The contract of service for the executive directors implies some common law terms which find reference into all contracts of employment and are further designed to protect the director as an employee of the company. Directors are bound by the duty of mutual trust and confidence which they owe to the Company (and vice versa) in the context of the employer/employee relationship. These duties however stand in direct contrast to the fiduciary duties outlined above which apply to the director’s office when he holds responsibility. An as example duty of mutual trust and confidence is one such duty. This duty, the Directors as officers of the company owe to other directors as employees of the company. Over here, the issue arises when an executive Director brings a complaint of unfair dismissal or under the circumstances when the company seeks to remove an executive director.”
Companies will never be contended to rely on the common law and therefore place a lot of significance to codified terms which are set into a contract of employment. But it should be embarked that the contract of employment is not always definitive and the courts as a general practice infer the existence of implied terms by relying on what they see as ‘reasonable’ in the circumstances. “Officers, like directors, owe a duty of loyalty to the corporation and its stock holders. This duty does not arise solely by virtue of director or officer status; it is a duty owed under general principles of agency Law.” The duty of loyalty is of general applicability, but most frequently affects officers in the areas of corporate opportunity, competition with the corporation/ employer, and use of corporate trade secrets. One aspect of an officer’s fiduciary duty of loyalty is the duty not to usurp an opportunity that is rightfully the corporation’s. Thus, an officer must refrain from buying for himself that which he was instructed to buy”
IV. Statutory Duties and its Codification.
“In the UK, the Company Act 2006 introduces a statutory statement on directors’ duties which covers the following general duties:
(a) duty to act within powers;
(b) duty to promote the success of the company;
(c) duty to exercise independent judgment;
(d) duty to exercise reasonable care, skill and diligence;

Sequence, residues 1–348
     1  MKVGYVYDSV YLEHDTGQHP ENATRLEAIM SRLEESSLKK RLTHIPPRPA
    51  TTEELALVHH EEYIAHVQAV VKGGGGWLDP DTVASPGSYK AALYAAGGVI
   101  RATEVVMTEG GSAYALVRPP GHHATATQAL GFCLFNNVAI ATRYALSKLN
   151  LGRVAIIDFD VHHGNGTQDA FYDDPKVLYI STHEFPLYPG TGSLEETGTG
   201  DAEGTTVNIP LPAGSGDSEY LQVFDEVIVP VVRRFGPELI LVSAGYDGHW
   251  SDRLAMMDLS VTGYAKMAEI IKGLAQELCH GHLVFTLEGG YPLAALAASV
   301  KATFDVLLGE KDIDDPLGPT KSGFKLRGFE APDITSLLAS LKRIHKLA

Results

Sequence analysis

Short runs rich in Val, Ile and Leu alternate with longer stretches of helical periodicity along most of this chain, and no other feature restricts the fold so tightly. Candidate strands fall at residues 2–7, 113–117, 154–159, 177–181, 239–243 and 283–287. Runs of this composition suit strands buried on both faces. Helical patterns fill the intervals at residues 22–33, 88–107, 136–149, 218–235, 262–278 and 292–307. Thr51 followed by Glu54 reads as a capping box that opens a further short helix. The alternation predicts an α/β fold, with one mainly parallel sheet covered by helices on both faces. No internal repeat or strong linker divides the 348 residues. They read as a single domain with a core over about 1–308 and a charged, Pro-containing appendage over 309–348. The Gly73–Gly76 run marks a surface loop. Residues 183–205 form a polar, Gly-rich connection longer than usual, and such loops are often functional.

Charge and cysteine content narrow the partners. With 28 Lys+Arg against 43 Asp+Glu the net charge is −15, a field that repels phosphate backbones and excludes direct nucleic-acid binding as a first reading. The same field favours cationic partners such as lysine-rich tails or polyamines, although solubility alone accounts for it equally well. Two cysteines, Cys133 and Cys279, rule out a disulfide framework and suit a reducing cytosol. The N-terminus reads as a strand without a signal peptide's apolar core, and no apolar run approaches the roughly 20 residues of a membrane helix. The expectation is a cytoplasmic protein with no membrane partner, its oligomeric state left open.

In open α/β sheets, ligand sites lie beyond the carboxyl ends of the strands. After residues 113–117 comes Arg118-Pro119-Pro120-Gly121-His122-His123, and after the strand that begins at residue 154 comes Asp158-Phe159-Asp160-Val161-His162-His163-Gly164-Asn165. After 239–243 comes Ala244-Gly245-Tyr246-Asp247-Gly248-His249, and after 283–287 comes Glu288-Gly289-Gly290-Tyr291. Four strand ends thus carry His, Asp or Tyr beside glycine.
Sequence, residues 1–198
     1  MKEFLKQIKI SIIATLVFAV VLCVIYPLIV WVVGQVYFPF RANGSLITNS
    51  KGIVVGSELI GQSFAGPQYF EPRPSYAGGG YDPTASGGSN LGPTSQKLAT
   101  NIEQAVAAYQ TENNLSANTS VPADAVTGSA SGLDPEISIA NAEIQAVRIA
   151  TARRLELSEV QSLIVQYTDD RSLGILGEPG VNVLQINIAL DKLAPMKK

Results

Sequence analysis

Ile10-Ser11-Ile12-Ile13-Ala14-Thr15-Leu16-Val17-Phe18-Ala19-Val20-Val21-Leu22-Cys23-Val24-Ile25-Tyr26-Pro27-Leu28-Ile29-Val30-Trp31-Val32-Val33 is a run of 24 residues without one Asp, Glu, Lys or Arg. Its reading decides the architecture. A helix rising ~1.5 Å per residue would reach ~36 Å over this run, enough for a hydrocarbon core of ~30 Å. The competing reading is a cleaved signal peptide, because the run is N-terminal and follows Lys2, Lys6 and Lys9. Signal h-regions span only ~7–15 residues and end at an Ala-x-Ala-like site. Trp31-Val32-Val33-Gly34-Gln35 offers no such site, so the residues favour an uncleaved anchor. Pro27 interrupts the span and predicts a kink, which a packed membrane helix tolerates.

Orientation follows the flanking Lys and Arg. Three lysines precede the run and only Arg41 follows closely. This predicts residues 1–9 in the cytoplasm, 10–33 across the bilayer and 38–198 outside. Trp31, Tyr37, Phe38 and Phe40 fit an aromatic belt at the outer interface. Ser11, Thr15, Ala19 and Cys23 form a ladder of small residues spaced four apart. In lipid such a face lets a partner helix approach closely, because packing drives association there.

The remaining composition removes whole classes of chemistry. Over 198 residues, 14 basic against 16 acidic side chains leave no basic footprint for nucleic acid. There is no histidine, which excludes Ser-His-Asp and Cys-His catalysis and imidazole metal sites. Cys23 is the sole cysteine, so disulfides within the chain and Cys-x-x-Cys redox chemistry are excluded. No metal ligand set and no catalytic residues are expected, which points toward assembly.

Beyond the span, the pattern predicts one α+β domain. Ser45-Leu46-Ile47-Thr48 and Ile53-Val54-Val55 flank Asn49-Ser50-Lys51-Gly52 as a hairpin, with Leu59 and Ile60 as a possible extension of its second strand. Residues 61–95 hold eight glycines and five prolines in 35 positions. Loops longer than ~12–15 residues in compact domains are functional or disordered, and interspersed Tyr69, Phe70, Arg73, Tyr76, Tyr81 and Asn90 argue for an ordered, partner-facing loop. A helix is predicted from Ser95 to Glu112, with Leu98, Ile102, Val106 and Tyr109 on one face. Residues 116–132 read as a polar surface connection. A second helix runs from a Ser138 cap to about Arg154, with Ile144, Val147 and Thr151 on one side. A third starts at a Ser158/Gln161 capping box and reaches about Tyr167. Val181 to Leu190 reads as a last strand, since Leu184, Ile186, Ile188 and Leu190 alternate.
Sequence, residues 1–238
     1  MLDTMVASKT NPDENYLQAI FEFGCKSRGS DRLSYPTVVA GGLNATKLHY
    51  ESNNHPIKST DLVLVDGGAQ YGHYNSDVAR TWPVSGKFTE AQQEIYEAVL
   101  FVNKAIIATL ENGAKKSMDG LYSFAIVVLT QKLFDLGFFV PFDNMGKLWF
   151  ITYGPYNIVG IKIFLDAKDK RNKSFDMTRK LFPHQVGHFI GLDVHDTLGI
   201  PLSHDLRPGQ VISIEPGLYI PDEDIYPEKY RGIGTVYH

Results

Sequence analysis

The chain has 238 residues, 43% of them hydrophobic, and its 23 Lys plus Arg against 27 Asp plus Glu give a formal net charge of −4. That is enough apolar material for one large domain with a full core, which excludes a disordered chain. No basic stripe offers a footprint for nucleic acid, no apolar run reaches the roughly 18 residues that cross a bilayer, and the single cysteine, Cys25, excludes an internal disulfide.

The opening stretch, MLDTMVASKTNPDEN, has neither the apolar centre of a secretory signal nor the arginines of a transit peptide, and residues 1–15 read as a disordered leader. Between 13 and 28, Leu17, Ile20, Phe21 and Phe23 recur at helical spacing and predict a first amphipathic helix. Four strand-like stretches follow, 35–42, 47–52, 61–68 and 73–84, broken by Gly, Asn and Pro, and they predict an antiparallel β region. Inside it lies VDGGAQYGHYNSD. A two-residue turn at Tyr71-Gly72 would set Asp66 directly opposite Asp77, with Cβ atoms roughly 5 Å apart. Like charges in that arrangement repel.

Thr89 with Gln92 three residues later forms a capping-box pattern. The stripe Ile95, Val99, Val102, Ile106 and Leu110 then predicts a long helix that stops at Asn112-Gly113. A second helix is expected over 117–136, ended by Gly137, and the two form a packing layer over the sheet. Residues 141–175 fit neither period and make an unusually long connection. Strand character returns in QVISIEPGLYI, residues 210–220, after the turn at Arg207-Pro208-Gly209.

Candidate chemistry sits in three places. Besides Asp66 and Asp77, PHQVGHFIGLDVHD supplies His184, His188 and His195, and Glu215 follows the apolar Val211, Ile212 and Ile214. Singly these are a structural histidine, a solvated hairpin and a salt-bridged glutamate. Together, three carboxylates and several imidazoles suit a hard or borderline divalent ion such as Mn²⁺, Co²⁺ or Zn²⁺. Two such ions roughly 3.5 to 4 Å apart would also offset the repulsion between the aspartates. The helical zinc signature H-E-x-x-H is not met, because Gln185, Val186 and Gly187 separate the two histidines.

(e) duty to avoid conflicts of interest;
(f) duty not to accept benefits from third parties; and
(g) duty to declare interest to proposed transaction or arrangement.
The above mentioned sections are extracted at Appendix III. While the statutory duties replace the corresponding common law rules and equitable principles from which they derive, these duties are required to be interpreted in the same way as common law rules and equitable principles. In other words, the courts should interpret and develop the general duties in a way that reflects the nature of the rules and principles they replace. This approach displays the UK Government’s intention to achieve both the precision of the statutory statement and the continued flexibility and development of the law. The statutory duties do not cover all the duties that a director may owe to the company. Many duties are imposed elsewhere in the legislation, such as the duty to file accounts and returns to the Registrar of Companies. Other duties remain uncodified, such as the duty to consider the interests of creditors in times of threatened insolvency.
The remedies for breach of the statutory general duties have not been codified in the CA 2006. The CA 2006 states that the same consequences and remedies as are currently available should apply to breach of the statutory general duties. Where the statutory duties depart from their equitable equivalent, the court must identify the equivalent rule and apply the same consequences and remedies.